Lesson beginning: March 23, 1999 - 12:00:00 AM (midnight Monday)Jump to: lessons | readings | events |
2. Who's Watching the Watchers?: Privacy Standards
We began last week by considering the nature of privacy itself and discussing some of the privacy concerns raised by the availability of information on the Internet.
This week, we will look at how industry groups are addressing these concerns by developing both privacy policies and technological solutions. Consider whether these standards might make it easier for users to protect themselves without having to investigate the privacy policies and technical specifications of every individual web site they visit. Or are standards, like individual privacy policies and techniques, useless if they are not backed up by clear legal enforcement?
Please take the time to go over the readings and react to them in your discussion groups.
- INTERNET PRIVACY: A PUBLIC CONCERN, Lorrie Faith Cranor
For a useful overview of this week's topic, here is a concise article by the Co-chair of the World Wide Web Consortium's P3P Interest Group.
- Fair Information Practice Principles
Both industry groups and government regulators have outlined seven basic Fair Information Practice Principles. As you go over them, query whether the websites that you frequent have privacy policies that incorporate these principles.
- Privacy Online: A Report to Congress, Federal Trade Commission, June 1998
The Commission examined the practices of commercial sites on the World Wide Web. The Commission's survey of over 1,400 Web sites led it to conclude, among other things, that industry's efforts to encourage voluntary adoption of the most basic fair information practice principle -- notice -- have fallen far short of what is needed to protect consumers.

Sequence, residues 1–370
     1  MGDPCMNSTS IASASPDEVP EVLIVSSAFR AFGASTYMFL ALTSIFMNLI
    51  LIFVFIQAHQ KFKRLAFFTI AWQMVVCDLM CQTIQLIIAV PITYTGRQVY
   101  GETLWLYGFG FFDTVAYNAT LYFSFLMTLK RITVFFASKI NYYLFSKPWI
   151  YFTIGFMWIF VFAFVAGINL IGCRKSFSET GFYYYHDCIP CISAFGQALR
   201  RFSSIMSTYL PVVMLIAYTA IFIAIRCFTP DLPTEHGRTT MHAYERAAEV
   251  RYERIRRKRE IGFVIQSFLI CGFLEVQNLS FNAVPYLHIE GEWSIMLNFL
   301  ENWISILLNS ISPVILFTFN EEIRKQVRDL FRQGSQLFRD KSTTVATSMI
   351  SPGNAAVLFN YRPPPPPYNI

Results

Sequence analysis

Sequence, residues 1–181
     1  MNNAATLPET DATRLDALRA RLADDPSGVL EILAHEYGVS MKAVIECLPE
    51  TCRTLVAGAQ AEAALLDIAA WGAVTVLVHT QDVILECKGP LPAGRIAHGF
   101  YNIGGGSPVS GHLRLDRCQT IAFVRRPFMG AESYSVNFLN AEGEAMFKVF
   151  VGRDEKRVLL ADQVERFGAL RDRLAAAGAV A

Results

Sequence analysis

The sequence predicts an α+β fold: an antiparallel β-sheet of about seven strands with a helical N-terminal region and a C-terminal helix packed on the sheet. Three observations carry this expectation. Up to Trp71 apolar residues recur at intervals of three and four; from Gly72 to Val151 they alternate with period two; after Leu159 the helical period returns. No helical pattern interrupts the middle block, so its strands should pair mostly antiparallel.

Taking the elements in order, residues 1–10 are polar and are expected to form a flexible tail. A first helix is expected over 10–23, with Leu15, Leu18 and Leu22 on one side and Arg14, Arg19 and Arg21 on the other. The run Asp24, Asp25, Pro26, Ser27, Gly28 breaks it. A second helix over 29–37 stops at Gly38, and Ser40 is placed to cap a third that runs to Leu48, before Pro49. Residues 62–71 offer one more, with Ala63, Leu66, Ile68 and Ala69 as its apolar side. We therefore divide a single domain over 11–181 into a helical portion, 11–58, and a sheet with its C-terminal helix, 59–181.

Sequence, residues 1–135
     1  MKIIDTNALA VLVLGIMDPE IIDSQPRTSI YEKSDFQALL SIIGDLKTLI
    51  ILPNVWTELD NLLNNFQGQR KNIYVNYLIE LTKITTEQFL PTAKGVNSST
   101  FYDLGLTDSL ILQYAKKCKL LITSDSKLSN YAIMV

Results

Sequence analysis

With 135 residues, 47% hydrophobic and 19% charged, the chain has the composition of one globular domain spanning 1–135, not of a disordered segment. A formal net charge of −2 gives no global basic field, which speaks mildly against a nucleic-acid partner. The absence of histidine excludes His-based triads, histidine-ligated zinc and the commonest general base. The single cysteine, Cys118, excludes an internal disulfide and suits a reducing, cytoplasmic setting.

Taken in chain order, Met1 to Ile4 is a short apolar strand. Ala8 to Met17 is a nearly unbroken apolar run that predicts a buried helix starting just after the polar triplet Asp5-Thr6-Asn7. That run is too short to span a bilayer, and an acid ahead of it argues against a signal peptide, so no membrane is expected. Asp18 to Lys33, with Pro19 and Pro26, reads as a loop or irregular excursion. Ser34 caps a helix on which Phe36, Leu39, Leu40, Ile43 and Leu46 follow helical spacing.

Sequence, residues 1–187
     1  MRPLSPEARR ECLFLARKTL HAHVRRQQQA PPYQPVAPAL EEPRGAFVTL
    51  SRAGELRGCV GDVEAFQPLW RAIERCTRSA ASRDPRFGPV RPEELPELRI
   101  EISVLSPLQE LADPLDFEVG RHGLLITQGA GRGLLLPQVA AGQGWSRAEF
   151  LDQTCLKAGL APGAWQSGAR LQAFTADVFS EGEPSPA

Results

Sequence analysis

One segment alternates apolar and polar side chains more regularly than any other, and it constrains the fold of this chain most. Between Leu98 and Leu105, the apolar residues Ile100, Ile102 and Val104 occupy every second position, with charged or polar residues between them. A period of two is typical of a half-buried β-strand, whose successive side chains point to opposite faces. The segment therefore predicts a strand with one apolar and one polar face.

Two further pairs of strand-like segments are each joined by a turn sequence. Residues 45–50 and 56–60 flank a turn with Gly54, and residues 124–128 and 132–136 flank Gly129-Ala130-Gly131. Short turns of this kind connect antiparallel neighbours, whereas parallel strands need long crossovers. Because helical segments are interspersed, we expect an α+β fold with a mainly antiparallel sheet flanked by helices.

If you don't have time to peruse the reading at length, make sure you at least read the executive summary.
- Competing privacy standards are proposed, The Associated Press
- P3P in a Nutshell, Joseph Reagle and Lorrie Faith Cranor
P3P is a developing specification that allows end-users to select privacy preferences about the type and amount of data they want to share with web site operators. Sites whose privacy practices fall within the range of a user's preference will be accessed "seamlessly"; otherwise users will be notified of a site's practices and have the opportunity to either agree to those terms or
continue browsing elsewhere.
- Euro Commission Plays Down Opinion on Privacy Standards, Elizabeth de Bony
The European Union has voiced concerns about the compatibility of P3P with the EU's data protection directive.
- Proposed Standards Fail to Please Advocates of Online Privacy, Jeri Clausing
This article shows what some of the critics of P3P have to say. One feels that the only way to protect consumers is through strong privacy laws like the European Union directive.
The TRUSTe program hinges on the trustmark, an online branded symbol that signifies a web site has made a commitment to disclose its privacy practices. A click on the trustmark will bring up the site's privacy statement. To ensure that privacy principles and disclosed practices are met, the program is backed by a multi-faceted assurance process. Two similar programs include BBBOnline (www.bbbonline.org) and PNI (www.privacyrights.org).
- Privacy Watchdog Declines to Pursue Microsoft, a Backer, Jeri Clausing
New York Times, March 23
- Abstract: TRUSTe, a third-party provider of "privacy seals of approval" for the web, rebuked Microsoft but did not audit the company for its use of a Global User Identification number.
- Other: Lesson Two Hypothetical
- Start: March 22, 1999 - 12:00:00 AM (midnight Sunday),
End: March 29, 1999 - 12:00:00 AM (midnight Sunday)